NCERT Solution Evolution class 12 Biology Chapter 7

Evolution class 12 Biology NCERT Solution Chapter 7 Explanation Question and Answer

Class 12 Biology, Chapter 7 ” Evolution” covers the significance and history of evolution, the origin of life theories’ and evidence like fossils and molecular data.

Evolution class 12 Introduction

The study of evolution in class 12 provides an introduction to the overarching framework that explains the diversity of life on Earth. This scientific discipline explores the processes that have shaped and continue to shape the living world, encompassing the gradual changes in species over time through mechanisms such as natural selection, genetic drift, and adaptation.

Students delve into the foundational principles laid out by evolutionary theorists like Charles Darwin and Alfred Russel Wallace, examining the evidence supporting the interconnectedness of all living organisms and the development of new species. The introduction to evolution in class 11 sets the stage for a comprehensive understanding of biological diversity, emphasizing the dynamic and interconnected nature of life’s evolutionary journey.

Evolution class 12 Definition

Evolution in class 12 refers to the scientific study of the gradual changes in living organisms over time, elucidating the mechanisms driving the diversity and adaptation of species. Rooted in foundational principles laid out by scientists like Charles Darwin, this subject explores processes such as natural selection and genetic variation, providing insights into the interconnectedness and development of life on Earth.

Evolution Class 12 Important Notes
  1. Key Theorists:
    • Understand the contributions of scientists like Charles Darwin and Alfred Russel Wallace, who proposed the theory of evolution through natural selection.
  2. Mechanisms of Evolution:
    • Explore essential mechanisms such as natural selection, genetic drift, and mutation that drive evolutionary changes in populations.
  3. Evidence of Evolution:
    • Learn about various types of evidence supporting the theory, including fossil records, comparative anatomy, molecular biology, and embryology.
  4. Adaptation and Natural Selection:
    • Grasp the concept of natural selection as the process by which advantageous traits become more prevalent in a population, leading to adaptation to specific environments.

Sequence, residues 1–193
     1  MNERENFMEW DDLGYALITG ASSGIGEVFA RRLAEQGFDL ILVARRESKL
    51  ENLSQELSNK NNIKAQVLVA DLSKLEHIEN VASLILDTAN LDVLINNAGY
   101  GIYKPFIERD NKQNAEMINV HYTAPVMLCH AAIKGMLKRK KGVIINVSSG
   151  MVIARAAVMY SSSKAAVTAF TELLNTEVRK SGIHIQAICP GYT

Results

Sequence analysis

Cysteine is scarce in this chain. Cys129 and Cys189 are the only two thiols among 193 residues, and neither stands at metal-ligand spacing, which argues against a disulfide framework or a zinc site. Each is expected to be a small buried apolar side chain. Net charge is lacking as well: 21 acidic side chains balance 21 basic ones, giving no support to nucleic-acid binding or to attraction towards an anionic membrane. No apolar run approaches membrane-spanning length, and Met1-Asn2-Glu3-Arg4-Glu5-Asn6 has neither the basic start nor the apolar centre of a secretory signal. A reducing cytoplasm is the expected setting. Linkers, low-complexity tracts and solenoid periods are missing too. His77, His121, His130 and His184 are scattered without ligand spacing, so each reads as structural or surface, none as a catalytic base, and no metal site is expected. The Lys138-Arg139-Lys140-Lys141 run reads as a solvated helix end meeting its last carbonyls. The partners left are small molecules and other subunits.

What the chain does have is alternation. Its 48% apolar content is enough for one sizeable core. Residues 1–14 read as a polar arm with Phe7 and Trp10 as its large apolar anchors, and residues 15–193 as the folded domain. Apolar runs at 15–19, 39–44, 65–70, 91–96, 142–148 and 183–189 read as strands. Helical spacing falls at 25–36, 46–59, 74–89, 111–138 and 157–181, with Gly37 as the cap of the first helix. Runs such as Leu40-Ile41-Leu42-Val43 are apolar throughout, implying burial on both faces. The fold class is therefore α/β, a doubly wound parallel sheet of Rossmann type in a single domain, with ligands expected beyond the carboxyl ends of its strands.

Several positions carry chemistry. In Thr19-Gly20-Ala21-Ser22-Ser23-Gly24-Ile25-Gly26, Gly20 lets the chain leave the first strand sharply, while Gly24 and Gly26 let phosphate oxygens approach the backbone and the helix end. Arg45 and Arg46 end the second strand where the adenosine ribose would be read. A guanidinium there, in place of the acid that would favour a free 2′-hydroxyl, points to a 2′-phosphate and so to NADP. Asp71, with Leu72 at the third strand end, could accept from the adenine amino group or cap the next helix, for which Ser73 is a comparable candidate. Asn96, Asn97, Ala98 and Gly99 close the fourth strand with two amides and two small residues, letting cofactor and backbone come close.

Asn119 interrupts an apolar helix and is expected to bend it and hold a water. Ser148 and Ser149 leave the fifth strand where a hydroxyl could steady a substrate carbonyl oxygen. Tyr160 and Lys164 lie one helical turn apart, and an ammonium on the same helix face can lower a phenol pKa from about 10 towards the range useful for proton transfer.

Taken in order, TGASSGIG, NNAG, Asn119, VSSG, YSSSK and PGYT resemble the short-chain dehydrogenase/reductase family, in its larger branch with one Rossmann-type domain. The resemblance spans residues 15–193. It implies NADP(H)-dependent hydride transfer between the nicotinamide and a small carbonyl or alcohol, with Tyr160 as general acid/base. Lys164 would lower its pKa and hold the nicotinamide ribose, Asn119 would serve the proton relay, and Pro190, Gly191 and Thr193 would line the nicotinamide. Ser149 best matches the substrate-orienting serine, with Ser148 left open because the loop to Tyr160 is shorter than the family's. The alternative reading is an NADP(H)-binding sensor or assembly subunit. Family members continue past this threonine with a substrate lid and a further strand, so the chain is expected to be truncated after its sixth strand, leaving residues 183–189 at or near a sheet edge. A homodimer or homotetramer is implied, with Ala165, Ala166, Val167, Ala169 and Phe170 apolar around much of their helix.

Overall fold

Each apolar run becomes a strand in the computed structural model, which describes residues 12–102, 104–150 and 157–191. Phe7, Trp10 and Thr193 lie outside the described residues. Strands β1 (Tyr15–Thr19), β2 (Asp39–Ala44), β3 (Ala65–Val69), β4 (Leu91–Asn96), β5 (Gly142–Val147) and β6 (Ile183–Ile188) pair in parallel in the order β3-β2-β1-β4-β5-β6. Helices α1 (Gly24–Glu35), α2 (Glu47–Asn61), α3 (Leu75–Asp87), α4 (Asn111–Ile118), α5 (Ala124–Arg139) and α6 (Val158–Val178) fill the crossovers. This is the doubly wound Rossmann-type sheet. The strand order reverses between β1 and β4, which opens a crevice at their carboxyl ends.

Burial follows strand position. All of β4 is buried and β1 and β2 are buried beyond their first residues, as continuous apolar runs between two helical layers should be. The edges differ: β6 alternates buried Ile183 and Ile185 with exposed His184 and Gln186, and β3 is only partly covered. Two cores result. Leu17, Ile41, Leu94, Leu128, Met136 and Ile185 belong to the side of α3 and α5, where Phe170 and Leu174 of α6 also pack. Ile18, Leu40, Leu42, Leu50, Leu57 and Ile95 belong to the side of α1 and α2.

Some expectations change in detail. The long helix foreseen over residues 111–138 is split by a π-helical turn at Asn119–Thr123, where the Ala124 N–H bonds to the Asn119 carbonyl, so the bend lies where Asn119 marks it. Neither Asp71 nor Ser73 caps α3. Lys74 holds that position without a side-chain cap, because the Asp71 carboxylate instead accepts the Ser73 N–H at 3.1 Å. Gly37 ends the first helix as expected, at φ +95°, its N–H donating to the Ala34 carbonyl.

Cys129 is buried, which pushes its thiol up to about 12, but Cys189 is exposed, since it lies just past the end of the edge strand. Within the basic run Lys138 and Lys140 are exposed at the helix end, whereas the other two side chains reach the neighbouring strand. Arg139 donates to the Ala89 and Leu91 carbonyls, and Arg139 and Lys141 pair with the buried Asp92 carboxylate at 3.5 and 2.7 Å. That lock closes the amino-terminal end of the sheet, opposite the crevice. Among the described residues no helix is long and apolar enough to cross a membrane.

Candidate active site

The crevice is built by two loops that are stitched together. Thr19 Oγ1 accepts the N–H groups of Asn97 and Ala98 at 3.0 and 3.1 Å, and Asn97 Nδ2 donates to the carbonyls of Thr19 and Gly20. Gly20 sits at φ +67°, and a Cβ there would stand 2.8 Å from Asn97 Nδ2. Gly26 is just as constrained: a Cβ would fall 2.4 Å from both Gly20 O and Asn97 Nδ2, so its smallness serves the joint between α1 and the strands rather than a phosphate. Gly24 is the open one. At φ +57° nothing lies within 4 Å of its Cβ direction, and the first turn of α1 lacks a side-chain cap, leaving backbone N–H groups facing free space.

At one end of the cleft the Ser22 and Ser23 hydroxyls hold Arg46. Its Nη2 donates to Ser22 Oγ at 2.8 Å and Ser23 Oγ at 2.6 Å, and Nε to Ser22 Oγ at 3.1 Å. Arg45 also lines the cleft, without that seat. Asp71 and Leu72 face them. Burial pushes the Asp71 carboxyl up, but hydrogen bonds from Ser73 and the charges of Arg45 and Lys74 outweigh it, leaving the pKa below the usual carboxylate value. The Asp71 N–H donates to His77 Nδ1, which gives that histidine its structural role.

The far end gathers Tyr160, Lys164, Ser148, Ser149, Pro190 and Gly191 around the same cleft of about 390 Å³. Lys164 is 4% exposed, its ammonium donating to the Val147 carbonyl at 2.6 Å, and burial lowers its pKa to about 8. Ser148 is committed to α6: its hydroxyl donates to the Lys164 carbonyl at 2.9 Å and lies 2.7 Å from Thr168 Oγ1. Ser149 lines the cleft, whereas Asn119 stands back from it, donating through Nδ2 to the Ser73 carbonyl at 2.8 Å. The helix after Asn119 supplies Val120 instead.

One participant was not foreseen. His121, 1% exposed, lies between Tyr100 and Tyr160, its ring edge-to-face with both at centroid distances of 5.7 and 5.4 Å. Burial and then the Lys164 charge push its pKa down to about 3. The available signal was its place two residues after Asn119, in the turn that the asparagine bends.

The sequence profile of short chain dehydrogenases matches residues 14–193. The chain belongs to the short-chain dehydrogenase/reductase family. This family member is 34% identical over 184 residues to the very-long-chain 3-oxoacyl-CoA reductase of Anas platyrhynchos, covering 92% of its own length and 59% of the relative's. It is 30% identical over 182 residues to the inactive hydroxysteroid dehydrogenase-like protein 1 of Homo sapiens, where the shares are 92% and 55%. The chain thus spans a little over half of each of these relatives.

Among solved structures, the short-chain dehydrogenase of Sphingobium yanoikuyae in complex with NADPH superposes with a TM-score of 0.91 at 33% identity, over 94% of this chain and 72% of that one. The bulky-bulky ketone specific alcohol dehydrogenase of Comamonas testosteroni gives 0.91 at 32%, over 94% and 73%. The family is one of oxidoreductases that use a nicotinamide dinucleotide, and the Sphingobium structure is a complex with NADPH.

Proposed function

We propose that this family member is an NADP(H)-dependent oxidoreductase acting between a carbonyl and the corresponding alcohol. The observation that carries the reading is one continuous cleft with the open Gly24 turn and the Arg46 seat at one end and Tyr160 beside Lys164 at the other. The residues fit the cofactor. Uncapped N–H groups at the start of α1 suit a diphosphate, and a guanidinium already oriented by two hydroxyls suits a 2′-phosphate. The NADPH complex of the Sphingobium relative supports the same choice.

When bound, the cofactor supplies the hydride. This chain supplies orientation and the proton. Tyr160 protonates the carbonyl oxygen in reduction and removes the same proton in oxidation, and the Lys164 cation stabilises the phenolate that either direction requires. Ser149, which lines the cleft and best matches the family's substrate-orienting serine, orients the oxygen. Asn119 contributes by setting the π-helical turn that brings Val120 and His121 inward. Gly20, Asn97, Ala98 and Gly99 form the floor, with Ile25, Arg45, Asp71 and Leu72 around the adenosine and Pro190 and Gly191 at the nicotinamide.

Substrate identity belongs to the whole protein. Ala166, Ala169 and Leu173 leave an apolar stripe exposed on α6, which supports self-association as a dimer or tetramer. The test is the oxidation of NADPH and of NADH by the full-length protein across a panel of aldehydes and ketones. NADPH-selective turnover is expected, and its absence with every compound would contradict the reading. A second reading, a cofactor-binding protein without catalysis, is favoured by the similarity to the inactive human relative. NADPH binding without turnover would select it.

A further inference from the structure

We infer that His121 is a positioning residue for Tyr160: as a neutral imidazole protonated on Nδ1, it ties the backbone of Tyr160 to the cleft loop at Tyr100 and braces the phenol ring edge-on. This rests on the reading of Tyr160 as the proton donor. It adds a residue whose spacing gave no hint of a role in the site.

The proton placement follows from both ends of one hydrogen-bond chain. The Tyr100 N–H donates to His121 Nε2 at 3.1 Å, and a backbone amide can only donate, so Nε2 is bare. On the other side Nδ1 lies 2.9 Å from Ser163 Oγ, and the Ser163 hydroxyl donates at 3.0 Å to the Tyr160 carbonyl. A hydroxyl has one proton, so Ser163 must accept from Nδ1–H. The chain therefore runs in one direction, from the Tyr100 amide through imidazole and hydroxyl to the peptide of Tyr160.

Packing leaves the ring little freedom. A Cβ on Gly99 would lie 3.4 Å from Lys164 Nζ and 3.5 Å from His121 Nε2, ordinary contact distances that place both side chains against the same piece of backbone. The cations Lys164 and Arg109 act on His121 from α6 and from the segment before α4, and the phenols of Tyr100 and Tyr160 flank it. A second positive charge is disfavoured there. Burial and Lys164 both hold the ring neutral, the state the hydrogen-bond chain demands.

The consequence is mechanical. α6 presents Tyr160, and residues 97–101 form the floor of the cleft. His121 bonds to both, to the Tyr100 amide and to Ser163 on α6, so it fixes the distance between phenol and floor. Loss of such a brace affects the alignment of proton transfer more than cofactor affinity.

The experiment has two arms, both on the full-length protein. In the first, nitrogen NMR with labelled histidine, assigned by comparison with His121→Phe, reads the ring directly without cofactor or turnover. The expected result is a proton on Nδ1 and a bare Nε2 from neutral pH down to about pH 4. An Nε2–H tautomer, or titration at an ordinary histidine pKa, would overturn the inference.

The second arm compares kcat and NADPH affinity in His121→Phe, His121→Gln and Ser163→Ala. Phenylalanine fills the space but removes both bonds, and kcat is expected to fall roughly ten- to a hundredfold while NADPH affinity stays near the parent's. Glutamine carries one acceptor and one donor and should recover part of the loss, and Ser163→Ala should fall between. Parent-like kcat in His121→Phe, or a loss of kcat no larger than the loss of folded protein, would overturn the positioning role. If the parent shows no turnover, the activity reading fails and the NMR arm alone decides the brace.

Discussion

5. Geological Time Scale:
    • Familiarize yourself with the geological time scale to understand the timeline of Earth’s history and the emergence of different life forms.
  6. Speciation:
    • Study how new species arise through the process of speciation, where populations diverge and accumulate differences over time.
  7. Human Evolution:
    • Gain insights into the evolution of humans, including the ancestral hominids and the key milestones in human evolutionary history.
  8. Impact on Biodiversity:
    • Recognize the role of evolution in shaping the vast biodiversity on Earth and how environmental changes influence the evolution of species.
  9. Modern Evolutionary Synthesis:
    • Understand the integration of Mendelian genetics with Darwinian evolution, forming the basis of the modern evolutionary synthesis.
  10. Applications of Evolutionary Concepts:
    • Explore how evolutionary principles are applied in various fields, such as medicine, agriculture, and conservation
Evolution class 12 Explanation

Evolutionary Biology delves into the historical narrative of life forms on Earth, a story intricately intertwined with the broader context of the universe’s evolution. To comprehend the transformations in flora and fauna spanning millions of years,

it is imperative to grasp the backdrop of life’s origin—encompassing the evolution of Earth, stars, and the universe itself. This narrative unfolds as the lengthiest and most speculative tale, recounting the genesis of life and the evolution of biodiversity against the cosmic tapestry.

The exploration begins with the fundamental question: What is evolution? It is the cornerstone of Evolutionary Biology, signifying the perpetual changes in life forms over vast timescales. To embark on this journey of understanding, we must delve into the context of life’s emergence within the broader canvas of the universe’s evolution.

In the section on the Origin of Life (7.1), stargazing becomes a metaphorical time-travel, as the light from stars, measured in light years, serves as a celestial chronicle. Stars observed in the night sky offer a glimpse into the distant past,

their emitted light having commenced its odyssey millions of years ago from unimaginable distances. This cosmic perspective underlines the unique nature of life’s origin, a singular event in the cosmic saga.

Evolution class 11

The universe, expansive and awe-inspiring, lays the stage for the unfolding drama of life. As we peer into the depths of space, we are not merely observing celestial bodies; we are witnessing a temporal journey, transcending the boundaries of the present.

The narrative extends beyond our immediate surroundings, emphasizing that the origin of life is not just a terrestrial affair but an integral part of the vast cosmic narrative, where stars and galaxies become storytellers, and the evolution of life emerges as a remarkable chapter in the chronicles of the universe.